• If your cat is or was used to being outdoors at all, try mixing in some soil or sod with the litter in the box. Don't use a hooded box.

Problem: Preference for Location

The following may indicate that your cat has a location preference

  • She does her business in an area or a room where a litter box used to be kept or where there are urine odors from previous soiling.
  • The litter box is located on one floor of the house, but your cat eliminates on a different floor.
  • She always eliminates in hidden or quiet, low traffic location. This could be a closet, a seldom used room, or other protected space.

Solving the problem

  • Put at least one litter box on every floor of your house.
  • Cats do not like to walk on certain surfaces. After thoroughly cleaning the area where she has been eliminating, put tin foil or double-sided tape over the area. Cat's don't generally like the smell of citrus, so you can put citrus air fresheners or cotton balls with a citrus scent around the area as well. Cat's don't generally like to eliminate where they eat and drink, so you can put food and water bowls in the area as well. In the alternative, you can block the area off if it's possible.
  • Or... you can cover most of the floor with tin foil or tape, and leave a path where your cat can walk. Place a new litter box there in that path. When she's been using that box successfully for at least a month, move the box gradually to a better location if needed.

Tips and Reminders for Solving a Litter Box Problem

  • A litter box problem can occur at any time, and for various reasons, sometimes more than one.
  • Litter box aversion can be due to any unpleasant experience that your cat associates with the box.
  • If you happen to see your cat eliminating outside the box, you can try interrupting her by making a noise. Be careful with this, though, as more timid cats may be scared by loud noises, and you might compound the problem. After you interrupt your cat, place her near the litter box and see what she does. If she leaves the area, then let her do her own thing. Never try to force her, but praise her when she does use the box.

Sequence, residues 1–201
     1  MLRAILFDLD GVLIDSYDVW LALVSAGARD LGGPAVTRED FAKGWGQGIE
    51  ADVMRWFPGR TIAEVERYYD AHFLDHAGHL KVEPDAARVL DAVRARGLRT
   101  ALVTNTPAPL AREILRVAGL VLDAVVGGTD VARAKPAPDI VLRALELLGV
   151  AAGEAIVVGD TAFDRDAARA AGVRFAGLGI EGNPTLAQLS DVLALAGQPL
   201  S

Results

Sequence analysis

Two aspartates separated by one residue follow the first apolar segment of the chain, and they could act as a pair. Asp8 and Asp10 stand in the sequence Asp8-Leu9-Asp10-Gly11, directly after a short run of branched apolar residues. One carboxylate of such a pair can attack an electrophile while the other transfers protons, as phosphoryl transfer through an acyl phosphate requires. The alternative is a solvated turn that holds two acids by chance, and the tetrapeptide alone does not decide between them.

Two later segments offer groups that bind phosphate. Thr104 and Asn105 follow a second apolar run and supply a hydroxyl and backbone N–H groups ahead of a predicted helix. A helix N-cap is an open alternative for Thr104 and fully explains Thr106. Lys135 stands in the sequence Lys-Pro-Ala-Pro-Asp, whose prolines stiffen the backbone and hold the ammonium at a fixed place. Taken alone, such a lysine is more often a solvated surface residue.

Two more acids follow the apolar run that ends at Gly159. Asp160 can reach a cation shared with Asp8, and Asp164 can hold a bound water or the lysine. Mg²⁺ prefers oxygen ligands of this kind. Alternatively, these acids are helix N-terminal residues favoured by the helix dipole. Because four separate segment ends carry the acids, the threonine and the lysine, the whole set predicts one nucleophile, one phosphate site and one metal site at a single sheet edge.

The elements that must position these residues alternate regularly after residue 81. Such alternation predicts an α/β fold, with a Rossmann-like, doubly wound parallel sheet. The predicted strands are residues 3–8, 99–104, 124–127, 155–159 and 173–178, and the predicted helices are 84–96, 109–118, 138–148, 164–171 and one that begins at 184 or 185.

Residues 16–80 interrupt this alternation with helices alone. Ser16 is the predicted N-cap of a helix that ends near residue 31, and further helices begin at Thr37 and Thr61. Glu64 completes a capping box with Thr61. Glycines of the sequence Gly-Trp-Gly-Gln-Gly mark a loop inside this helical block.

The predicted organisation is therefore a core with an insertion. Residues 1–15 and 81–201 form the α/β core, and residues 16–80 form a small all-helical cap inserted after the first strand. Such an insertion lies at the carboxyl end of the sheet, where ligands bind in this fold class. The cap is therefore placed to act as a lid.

• Your cat will not understand punishment, and will only become fearful and less likely to eliminate when you're around. She's not behaving out of spite.
  • Medical problems, even ones you don't suspect, need to be looked at first. Always consult your veterinarian. Some urinary and bowel problems that can lead to litter box problems may also be life threatening.
  • Multiple issues and causes may be at work here. Your cat can develop a preference for texture and location at any time.
  • You must remove all traces of the odor if you're to solve the problem. Once an animal soils an area, they will often return to it time and time again.

Solving a litter box problem requires patience, combined with time and strategy. Keep working at it until you and your cat can reach an agreement.